A benign, pinkish sun is setting over the Arabian skyline.

A caravan of 4x4s zig-zags its way across the dunes, before one screams into an apex of sand, topples over the edge and disappears into the valley beneath. Inside our jeep, the squeals of terror are accompanied by howls of delight by our Jordanian driver Haynith.

"It takes one-hour lessons every day for 50 days before you can sit your test," he tells us in between roller-coaster manoeuvres on our safari in the Dubai Desert Conservation Reserve. "I passed in eight." A roar of laughter accompanies the revelation.

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We close in on a Bedouin Arab, the once-nomadic people resident on the fringes of the reserve, aboard his camel. At dusk, against the high-duned backdrop, it is a picture-perfect shot and Haynith slows before telling the weather-beaten Bedouin "See you next century." The wheels squeal again, as do the passengers.

The jeep finally comes to a rest inside an Arab encampment. The air is heavy with the scent of charring chicken and lamb from the barbecue; mixed with smoke from a shisha pipe it's a heady combination. The food is delicious, the pipe a welcome experience. The presence of a belly dancer enhances further a scene redolent of old Arabia.

Fifty miles into the wilderness, this setting is far removed from the skyscrapers of new Dubai where architectural feats of unlimited scale dominate the skyline, the centrepiece of which is the Burj Khalifa, at 2723ft (830m) the tallest building in the world. Inside, you will find the ultra-modern Armani Hotel; outside, a car park filled with Ferraris and Lamborghinis. Across the road, the Address Hotel is more laidback, its casual vibe more suited to spending your day people watching by the pool. The family-friendly Movenpick Hotel at Ibn Battuta Gate and the hip Pullman Hotel at Mall of the Emirates were my favourites, though, both exuding the warmth and character associated with the Arab world.

Dubai abounds with contradictions. It is Vegas without the vice, where you can ski in the morning (at Ski Dubai's indoor slopes), shop in one of 60-plus malls in the afternoon and feast in the desert at sundown. Gambling - despite the multi-million-pound horse-racing track at Meydan, a testimony to ruler Sheikh Mohammed's fascination with all things equine - is forbidden.

Other paradoxes are prevalent. In a recent poll, would-be travellers were asked for their biggest concerns over holidaying in the Middle East. The top three responses were safety, a lack of things to do and a dearth of culture. And, while Dubai has been unaffected by the Arab Spring and has low levels of crime, the British Foreign Office warns of a high terrorist threat. The Dubai Tourist Board works hard to dispel certain myths such as the belief that shopping is the only pursuit. It is a truism that the high-end Dubai Mall (a five-hour expedition if you walked past every outlet inside) and Mall of the Emirates make Glasgow's Buchanan Galleries look like a flea market but they contain more than just shops. At Kidzania, the children can check-in at the departure desk and board a flight for a mysterious land where they sign up for a day's tutelage in the job of their choice - all under the watchful eye of experienced childminders. If that speaks to rampant capitalism, the Dubai Aquarium, housed in the mall, also takes a nod to the big fish where more than 70 varieties of shark patrol inside the self-proclaimed world's largest aquarium.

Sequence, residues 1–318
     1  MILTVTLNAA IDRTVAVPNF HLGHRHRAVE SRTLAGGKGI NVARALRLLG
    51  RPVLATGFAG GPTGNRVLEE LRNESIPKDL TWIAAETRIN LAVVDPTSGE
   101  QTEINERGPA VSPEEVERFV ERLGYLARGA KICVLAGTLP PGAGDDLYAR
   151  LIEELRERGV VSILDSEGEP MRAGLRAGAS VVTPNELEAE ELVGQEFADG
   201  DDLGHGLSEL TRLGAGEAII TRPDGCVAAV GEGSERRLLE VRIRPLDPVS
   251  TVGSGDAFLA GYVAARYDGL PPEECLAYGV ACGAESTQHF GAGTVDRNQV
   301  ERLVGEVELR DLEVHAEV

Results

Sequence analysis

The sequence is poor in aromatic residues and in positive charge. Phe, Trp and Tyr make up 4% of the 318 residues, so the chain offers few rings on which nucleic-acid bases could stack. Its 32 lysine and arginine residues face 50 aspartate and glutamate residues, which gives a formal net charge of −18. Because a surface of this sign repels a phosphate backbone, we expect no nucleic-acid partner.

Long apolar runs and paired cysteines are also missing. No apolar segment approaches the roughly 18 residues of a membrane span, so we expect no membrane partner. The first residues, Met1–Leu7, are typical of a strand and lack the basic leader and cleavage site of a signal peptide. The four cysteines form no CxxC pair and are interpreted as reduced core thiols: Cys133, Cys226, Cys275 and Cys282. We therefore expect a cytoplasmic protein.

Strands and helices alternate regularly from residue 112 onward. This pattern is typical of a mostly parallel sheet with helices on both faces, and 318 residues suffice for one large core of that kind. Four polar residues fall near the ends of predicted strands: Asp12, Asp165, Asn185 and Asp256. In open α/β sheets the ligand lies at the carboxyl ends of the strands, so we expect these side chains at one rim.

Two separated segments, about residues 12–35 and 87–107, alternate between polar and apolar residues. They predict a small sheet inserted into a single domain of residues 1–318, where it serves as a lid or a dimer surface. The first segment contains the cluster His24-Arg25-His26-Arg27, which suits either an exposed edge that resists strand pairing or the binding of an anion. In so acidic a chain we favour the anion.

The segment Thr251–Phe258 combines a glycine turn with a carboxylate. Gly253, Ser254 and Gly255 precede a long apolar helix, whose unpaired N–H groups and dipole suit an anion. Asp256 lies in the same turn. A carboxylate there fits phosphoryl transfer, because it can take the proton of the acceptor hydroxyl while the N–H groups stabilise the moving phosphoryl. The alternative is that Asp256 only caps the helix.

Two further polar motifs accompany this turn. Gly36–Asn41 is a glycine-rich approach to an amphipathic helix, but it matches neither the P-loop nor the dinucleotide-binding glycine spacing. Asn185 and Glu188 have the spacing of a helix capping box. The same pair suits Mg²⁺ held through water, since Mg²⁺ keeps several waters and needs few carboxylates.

Once a stopping off point on the spice route to India, Dubai has built its wealth around shipping charges and landing rates rather than oil, which accounts for a small percentage of domestic production. Today business, property and tourism underpin state finances.

Alas, much of the city's history has been brushed into its museum or washed away in its famous Creek, yet here a semblance of old Dubai remains intact as traders barter in the souk and sailors load decrepit boats with cargoes for the journey across the Persian Gulf to Iran. It is this sight which reminds us of what Dubai was, is and shall remain. A stop-off point for traders and travellers, a state where only 17% of the population is indigenous, a place built on the transience of an often- exploited expat community. The government wants to entice those travellers and passers-by to stay, to make Dubai their return destination for business and pleasure. To this end, Free Zones, in effect tax havens, have been set up to encourage new businesses to invest. Attracting more tourists, though, presents the far greater challenge.


Getting there

Emirates has return flights to Dubai from Glasgow from £428.98. Emirates flies twice daily from Glasgow to Dubai, where passengers can connect using the airline's global network of 120 destinations. Visit emirates.com.

James Morgan was a guest of the Dubai Tourist Board. Call 020 7321 6110 or visit definitelydubai.com.